Event - Investors will have to wait before getting fat on obesity products

While millions of people struggle in their daily battles to lose weight, the pharmaceutical industry has found it equally hard to come up with new and novel treatments for obesity that would help them increase sales and put some serious weight on their share prices. The high profile problems associated with some of the existing and pipeline products such as Sanofi-Aventis’s Acomplia and Merck & Co's taranabant, which were both linked with serious psychiatric side effects, has left only a handful of smaller, brave companies continuing with development.

Of those still in the race, the market’s attention has turned to Arena Therapeutics’ lorcaserin, Vivus’ Qnexa and Orexigen’s Contrave, all of whom could potentially have products on the market by next year. Phase III data due in the third quarter from all the groups are the next eagerly awaited events in the sector and could reveal the clear winner in the closely contested competition for efficacy. For all three companies the data is critical as not only is it expected to massively inflate the share prices if positive, it could be the trigger for licensing deals, or as some in the market predict, potential take outs.

Phase III anti-obesity agents WW royalties ($m)
Product Generic Name Pharmacological Class Company Launch 2010 2011 2012 2013 2014
 Qnexa  phentermine & topiramate  Anti-obesity agent  VIVUS  Dec - 2010  12  59  133  194  256
 Contrave  bupropion & naltrexone  Anti-obesity agent  Orexigen Therapeutics  Jun - 2011  -  40  87  153  219
 Lorcaserin  lorcaserin  5HT2C (serotonin) agonist  Arena Pharmaceuticals  Dec - 2011  -  35  83  146  209
 Hoodia gordonii extract  -  Anti-obesity agent  Phytopharm  Dec - 2010  -  -  -  -  -
 ATL-962  cetilistat  Lipase inhibitor  Alizyme / Takeda  Dec - 2011  -  -  -  -  -

Odds on favourite

At present Vivus’ Qnexa is the clear favourite, having demonstrated the most amount of weight loss in patients so far. The tipping point for the drug will be the read out from the 56-week phase III data from the Equip and Conquer trials expected in the third quarter. Interim 28 week data from the Equate trail in December was very encouraging with patients on the higher dose of the drug losing an average 9.2% of their body weight compared with placebo weight loss of only 1.7%.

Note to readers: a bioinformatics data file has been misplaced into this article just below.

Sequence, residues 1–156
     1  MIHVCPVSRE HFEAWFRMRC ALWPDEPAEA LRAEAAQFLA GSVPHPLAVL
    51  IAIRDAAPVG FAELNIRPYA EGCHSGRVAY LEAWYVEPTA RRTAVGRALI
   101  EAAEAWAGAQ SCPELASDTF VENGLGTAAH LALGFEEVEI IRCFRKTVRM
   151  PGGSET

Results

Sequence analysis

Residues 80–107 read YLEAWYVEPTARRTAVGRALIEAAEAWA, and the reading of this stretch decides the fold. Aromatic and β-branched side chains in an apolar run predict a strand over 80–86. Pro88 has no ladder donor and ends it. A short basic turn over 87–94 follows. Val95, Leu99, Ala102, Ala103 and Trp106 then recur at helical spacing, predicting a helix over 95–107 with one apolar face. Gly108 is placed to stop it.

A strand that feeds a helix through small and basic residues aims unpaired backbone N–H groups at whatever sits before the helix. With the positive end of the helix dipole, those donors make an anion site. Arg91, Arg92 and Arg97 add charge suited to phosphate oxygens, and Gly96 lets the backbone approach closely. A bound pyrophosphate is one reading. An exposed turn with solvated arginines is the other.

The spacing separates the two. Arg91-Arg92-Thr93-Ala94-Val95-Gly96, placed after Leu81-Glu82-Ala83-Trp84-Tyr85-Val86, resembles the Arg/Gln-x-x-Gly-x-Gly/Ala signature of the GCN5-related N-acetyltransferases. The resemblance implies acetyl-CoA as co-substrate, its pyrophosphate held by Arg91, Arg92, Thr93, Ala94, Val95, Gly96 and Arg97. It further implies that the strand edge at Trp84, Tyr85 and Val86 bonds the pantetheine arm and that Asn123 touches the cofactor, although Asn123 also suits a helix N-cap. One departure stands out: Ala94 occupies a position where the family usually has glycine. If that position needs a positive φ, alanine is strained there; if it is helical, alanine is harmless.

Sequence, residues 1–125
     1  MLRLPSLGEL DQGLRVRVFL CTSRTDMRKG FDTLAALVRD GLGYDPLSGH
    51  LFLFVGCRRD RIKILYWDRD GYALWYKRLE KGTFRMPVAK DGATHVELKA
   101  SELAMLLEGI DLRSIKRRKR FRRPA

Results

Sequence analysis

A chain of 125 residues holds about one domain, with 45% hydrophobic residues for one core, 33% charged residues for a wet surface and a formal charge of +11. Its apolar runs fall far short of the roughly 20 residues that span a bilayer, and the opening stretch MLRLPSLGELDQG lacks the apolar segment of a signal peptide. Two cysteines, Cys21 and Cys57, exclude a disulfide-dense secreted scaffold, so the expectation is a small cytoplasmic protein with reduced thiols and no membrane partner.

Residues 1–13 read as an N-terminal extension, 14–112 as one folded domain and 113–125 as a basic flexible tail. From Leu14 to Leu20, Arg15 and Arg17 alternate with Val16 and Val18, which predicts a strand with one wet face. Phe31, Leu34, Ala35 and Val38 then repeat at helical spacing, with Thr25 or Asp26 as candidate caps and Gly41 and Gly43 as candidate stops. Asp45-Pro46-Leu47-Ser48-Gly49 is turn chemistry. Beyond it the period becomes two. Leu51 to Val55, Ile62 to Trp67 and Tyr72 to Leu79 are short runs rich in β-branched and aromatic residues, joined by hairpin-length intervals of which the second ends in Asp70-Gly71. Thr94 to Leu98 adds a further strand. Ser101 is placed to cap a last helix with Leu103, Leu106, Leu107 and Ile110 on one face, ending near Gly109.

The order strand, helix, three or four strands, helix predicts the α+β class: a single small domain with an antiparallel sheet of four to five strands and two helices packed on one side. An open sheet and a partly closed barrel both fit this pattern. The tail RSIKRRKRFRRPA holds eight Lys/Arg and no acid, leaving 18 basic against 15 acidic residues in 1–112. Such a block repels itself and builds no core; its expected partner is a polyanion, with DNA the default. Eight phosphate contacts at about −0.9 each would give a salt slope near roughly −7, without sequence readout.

The drug, which is forecast to generate royalties of $256m by 2014, combines two previously approved products, topiramate and phentermine, to employ a dual mechanism to treat obesity. It is thought that the topiramate part of the drug, which was used to treat epilepsy, works on the addiction centres of the brain, curbing food cravings.

It is expected that the validation of Qnexa in trials could cause the company, which has two other phase III products in development, including sexual dysfunction drug, avanafil, $188m in cash on the balance sheet and a market capitalisation of only $393m to bypass marketing talks and instead be taken out by a bigger player.

The stock by any means looks undervalued given its assets, which according to EvaluatePharma’s NPV Analyzer are worth a whopping $1.01bn, with Qnexa accounting for $1bn of that. Given the high risks in the obesity space and the difficulties of getting these drugs past regulators, companies have wisely held off and might even wait until approval is finally in the bag before making a move.

Fundraising for the future

This option was not a luxury for Arena, which earlier this week announced that it would be raising $52.1m from a placing of 12.5m shares in the market at a roughly 11% discount. Last month, it secured a $100m loan from Deerfield Management.

Arena is determined to take its drug lorcaserin all the way through to registration, but disappointing results in March (Arena prospects looking slimmer after data, March 31, 2009) could make attracting a partner harder, unless the data from the second pivotal trial due in September come up with the goods.

Approval would be transformational as lorcaserin is potentially worth $937m to Arena, a figure much higher than the group’s market cap of $321m. Lorcaserin is expected to be filed by the end of the year, and the money raised in the recent fundraising activities should help get to this point and if necessary at least a good part of the way to the market if no partner bites.

Risky single product strategy

Like Arena, Orexigen’s Contrave will be the make or break for the group, especially as the company announced last December that it would be taking the risky move of placing all its eggs in one basket and solely focusing on the development of the obesity drug.

Cash conservation was the big motivating factor, but the markets were made nervous by the fact that some of the cost savings came in the form of cutting several of the senior management (Orexigen sharpens focus on obesity but rattles investors, December 8, 2008).

The fact that the space has become a minefield for developers over the last few years will not have helped. Many of the larger pharma groups have recently opted to abandon the trouble-laden space, following problems with marketed and pipeline drugs, the most high profile casualties being Sanofi-Aventis’ Acomplia and Merk & Co’s taranabant (Fewer opportunties for companies to get fat off obesity products, October 24, 2008).

Contrave is another combination drug, whose individual elements, an anti-depressant and anti-addiction drug, are already generic, meaning that it should have an easier time at the regulator, given what should be a large amount of safety data for both products.

Consensus royalties for Contrave are currently sitting at $219m by 2014, and a licensing deal is expected if the results are positive.

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